Nothing is stopping Pollie from making South Dakota better for everyone. 

We the People is a blog series that features the stories of members, supporters, volunteers, and allies of the American Civil Liberties Union of South Dakota. Together we are accomplishing critical work in our state to protect and advance civil liberties across the Midwest and beyond.

Rooted in creativity and advocacy, Pollie Esther has been making a name for herself in South Dakota’s local drag community.

From performing in front of thousands of people at Sioux Falls Pride to advocating for LGBTQ+ and Two Spirit rights in her community, nothing is stopping Pollie from making South Dakota better for everyone. 

Tell us a little about yourself. 

I’m currently a student at the University of South Dakota hoping to do something with art and I've been doing drag since I was 17 years old. Drag started as a way to get creative after I saw “RuPaul’s Drag Race” in high school. The show really spoke to me. So I gave it a shot and a few years later here we are! I have almost a thousand followers on Instagram and something like 50 hand-sewn looks posted for the world to see. 

Your drag name is Pollie Esther. Where did inspiration for that come from?

You can’t get much cheaper than polyester, so I wanted to do a funny little joke about how cheap the materials I’m making my costumes out of are. If anything in the future when my costumes get more expensive, it’ll be a reminder of my roots.

How does drag influence your advocacy?

Drag is all about advocacy. I feel like when you get into drag, you’re making a statement. I think every queen should be using the attention that drag affords us to help spread messages of love and bring awareness to issues. It can be as a simple as a social media post. 

House Bill 1116, legislation that would have prohibited the hosting of “lewd or lascivious” programs or events like drag shows on state-owned facilities, failed in the Senate Education Committee this year. The bill not only violated First Amendment rights but also provoked a broader cultural suppression of LGBTQ+ and Two Spirit people. What would you tell our state lawmakers and those who supported this bill? 

I thought about this so much. It’s literally so incredibly frustrating this is even a discussion. There are so many important things to be focusing on and something so positive like drag shouldn’t even be on the radar. It’s shocking that people think it’s about children. What about the missing Indigenous girls or the kids that get shot in school?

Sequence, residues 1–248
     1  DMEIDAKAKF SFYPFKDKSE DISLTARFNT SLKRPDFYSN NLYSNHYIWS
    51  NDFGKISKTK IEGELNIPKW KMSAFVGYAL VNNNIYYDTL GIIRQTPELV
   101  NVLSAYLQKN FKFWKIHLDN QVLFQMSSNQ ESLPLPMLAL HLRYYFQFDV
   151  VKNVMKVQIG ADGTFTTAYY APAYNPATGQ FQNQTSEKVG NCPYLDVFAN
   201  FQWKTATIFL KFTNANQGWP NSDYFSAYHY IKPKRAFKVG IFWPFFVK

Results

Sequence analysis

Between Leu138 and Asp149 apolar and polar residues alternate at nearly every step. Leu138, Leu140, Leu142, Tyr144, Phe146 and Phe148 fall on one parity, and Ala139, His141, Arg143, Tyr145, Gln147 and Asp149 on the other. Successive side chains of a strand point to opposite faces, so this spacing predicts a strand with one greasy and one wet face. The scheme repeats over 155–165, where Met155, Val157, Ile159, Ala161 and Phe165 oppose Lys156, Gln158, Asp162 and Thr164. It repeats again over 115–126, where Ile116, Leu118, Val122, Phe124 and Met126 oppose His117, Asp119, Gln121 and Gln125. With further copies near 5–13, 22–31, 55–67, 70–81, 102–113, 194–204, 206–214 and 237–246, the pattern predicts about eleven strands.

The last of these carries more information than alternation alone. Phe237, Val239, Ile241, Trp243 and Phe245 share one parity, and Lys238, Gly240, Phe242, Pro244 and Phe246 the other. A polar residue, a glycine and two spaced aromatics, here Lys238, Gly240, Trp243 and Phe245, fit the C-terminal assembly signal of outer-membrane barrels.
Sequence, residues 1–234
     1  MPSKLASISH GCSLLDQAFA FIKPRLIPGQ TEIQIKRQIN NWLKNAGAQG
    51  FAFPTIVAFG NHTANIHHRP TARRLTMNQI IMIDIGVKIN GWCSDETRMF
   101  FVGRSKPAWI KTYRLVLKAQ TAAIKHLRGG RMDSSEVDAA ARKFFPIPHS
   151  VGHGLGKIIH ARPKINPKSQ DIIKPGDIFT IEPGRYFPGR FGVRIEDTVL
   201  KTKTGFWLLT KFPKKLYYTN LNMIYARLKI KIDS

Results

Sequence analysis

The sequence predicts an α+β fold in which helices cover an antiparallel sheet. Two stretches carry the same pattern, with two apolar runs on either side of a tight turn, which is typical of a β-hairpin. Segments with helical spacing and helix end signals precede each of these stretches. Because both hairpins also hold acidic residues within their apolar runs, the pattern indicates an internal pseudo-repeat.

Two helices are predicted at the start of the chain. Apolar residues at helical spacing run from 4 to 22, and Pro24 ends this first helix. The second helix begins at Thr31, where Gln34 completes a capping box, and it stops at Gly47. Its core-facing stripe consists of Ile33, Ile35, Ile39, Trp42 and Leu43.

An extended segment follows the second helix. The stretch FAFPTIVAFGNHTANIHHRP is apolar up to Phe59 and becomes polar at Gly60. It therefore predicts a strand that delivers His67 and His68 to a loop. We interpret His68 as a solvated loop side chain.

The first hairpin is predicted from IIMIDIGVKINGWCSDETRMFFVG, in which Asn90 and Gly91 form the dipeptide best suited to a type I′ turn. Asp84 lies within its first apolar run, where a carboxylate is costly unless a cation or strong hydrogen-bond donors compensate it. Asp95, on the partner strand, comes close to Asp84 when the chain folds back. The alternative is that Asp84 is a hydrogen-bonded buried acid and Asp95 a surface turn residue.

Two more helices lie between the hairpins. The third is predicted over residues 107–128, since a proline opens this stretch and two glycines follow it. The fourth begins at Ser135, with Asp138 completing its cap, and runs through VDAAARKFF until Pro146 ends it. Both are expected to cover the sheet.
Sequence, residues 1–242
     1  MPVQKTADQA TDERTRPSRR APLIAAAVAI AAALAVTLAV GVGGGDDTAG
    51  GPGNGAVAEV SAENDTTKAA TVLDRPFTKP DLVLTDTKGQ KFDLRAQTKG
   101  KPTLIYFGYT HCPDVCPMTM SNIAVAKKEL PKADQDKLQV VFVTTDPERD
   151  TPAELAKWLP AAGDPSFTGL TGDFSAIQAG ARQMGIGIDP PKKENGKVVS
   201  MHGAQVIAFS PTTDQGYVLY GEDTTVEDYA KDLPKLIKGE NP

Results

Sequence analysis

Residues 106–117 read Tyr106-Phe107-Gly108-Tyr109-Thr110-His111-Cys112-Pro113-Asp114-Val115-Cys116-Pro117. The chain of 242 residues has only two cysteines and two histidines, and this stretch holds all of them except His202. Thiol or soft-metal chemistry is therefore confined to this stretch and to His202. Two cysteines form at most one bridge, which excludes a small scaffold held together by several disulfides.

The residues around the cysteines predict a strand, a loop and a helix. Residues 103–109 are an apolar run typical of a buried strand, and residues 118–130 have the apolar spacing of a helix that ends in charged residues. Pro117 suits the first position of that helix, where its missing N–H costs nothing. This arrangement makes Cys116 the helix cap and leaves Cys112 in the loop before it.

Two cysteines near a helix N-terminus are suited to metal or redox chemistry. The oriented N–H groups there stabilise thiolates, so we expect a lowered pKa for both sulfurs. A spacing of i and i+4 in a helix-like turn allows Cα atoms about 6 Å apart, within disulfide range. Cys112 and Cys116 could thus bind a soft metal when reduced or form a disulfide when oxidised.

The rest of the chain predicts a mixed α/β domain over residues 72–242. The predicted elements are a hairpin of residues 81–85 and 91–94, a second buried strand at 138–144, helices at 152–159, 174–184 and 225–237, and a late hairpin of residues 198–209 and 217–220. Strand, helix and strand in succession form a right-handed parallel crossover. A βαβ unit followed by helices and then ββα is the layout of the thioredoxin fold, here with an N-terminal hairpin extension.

Drag is important to me for so many reasons and I don’t appreciate lawmakers making me feel like what I’m doing is wrong or immoral.

Why do you think it’s important for people to be involved in their communities?

It is so important for everyone to get involved with the community especially in such a tiny state like South Dakota. I live out in the country at the moment and it can feel so isolating to not have that sense of community and connection. While I’m fortunate to have a support system, not having that in place would be dreadful. Going to community events and getting involved in advocacy is vital to building community.

What do you love about South Dakota? 

I have a love-hate relationship with South Dakota. It’s my home, it’s where my family that I love is, and I’ve made a couple amazing friends here. However, sometimes being different here makes it difficult to feel fully welcome. While it’s hard to deal with that, South Dakota is worth it.

How does the ACLU and our work relate to you personally? Are there any issues you feel most connected to? 

Everything the ACLU does dramatically improves my life. It almost feels like a safety blanket in which I can rely on being informed about issues that I care about as they’re happening through the social media pages. I always know where to go to get involved as far as events go. 

It just feels like that fun aunt who’s always on your side.